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Backcast by Ann McMan

Backcast - Ann McMan

The beginning starts by introducing Barb, a metal sculpturalist contracted for a multi-layered show featuring feminist-centric essays and accompanying artwork. To that end, she brings together a cadre of characters to meet for a writing workshop at her cousin’s Vermont resort. There is a plethora of good humor from the start and excellent characterizations throughout. The story is primarily light-hearted interspersed with poignant essays written by these quirky women. Some essays are heart-wrenching, others are lighter, but all can be taken as a master class of how to cut to the heart of deep issues in a minimum number of characters. This was even more interesting for the reader because you never find out who wrote which essay until the end glossary. I want to read it again now that I’m armed with the knowledge of their deepest secrets, which I believe will make their reactions to circumstances even more enthralling.

The group of authors meeting together, some finding love, others finding opportunity, and still others are on the search to discover themselves. All are believably flawed and interesting for different reasons. Although this is in every way an ensemble piece, some women get more of a spotlight than others. Which was fine, as to give everyone the same screen time would have greatly inflated what is a surprisingly cohesive account.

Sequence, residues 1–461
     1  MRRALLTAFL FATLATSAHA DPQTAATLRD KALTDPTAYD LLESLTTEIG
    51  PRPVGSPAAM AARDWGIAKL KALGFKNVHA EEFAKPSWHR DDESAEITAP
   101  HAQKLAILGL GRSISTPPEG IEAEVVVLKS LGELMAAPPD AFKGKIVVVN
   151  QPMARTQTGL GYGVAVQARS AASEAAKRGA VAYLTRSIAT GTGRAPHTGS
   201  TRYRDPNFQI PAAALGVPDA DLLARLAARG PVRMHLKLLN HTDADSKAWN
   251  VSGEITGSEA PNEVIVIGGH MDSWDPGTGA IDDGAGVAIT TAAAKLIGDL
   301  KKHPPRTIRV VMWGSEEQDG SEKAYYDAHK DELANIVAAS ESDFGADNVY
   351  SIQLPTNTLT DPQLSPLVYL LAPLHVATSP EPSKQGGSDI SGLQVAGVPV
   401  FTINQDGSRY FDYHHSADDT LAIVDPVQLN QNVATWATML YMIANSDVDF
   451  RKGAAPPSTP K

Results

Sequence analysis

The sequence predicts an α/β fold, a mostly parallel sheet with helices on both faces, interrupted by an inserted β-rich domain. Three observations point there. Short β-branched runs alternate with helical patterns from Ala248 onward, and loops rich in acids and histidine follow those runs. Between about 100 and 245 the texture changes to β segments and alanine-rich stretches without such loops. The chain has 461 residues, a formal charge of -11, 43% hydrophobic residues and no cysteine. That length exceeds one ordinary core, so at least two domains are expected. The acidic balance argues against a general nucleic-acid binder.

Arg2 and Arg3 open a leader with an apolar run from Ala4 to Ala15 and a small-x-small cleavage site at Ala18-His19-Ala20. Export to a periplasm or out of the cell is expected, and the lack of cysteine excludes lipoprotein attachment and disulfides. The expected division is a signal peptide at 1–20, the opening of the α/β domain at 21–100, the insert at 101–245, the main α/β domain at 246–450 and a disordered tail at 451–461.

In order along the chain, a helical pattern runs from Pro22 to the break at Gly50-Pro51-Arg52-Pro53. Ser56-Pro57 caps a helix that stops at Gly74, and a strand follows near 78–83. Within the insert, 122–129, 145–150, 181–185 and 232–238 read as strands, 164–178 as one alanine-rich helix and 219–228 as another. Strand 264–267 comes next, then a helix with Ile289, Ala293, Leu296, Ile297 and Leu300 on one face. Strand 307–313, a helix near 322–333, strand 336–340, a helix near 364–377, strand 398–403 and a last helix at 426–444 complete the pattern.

My only real complaint was the overuse of character names. This was primarily noticeable with the frequent mention of one character in particular: V. Jay Jay. I get the joke, her name is humorous, though only really after a few mentions. After that I started to cringe every time she came onto a scene, which is unfortunate, as she was one of my favorite characters. Once Darien began calling her “Vee” I was hopeful it would switch to that, as everyone else was going by their first names/nicknames, but that never happened. I think I counted at one point 5-6 V. Jay Jay mentions in a single page, which was just way too much (and not just with her name, but all the characters I came to realize received the same treatment). I do understand why one would think repetitive mentions are necessary, as there are a lot of individuals to keep track of. However it all just became excessive. Aside from that, this was a very original story that was able to evoke an incredible depth of emotions in me, which is uncommon in a story with such a quirky cast. It doesn’t hurt that it features some good-natured ribbing at the lesfic genre as well. Do all the subplots get tied up perfectly? Mostly. Were there characters I didn’t feel like I got to spend enough time with? Certainly. But I highly recommend this one all the same. It was unexpectedly complex, and an absolute pleasure to read.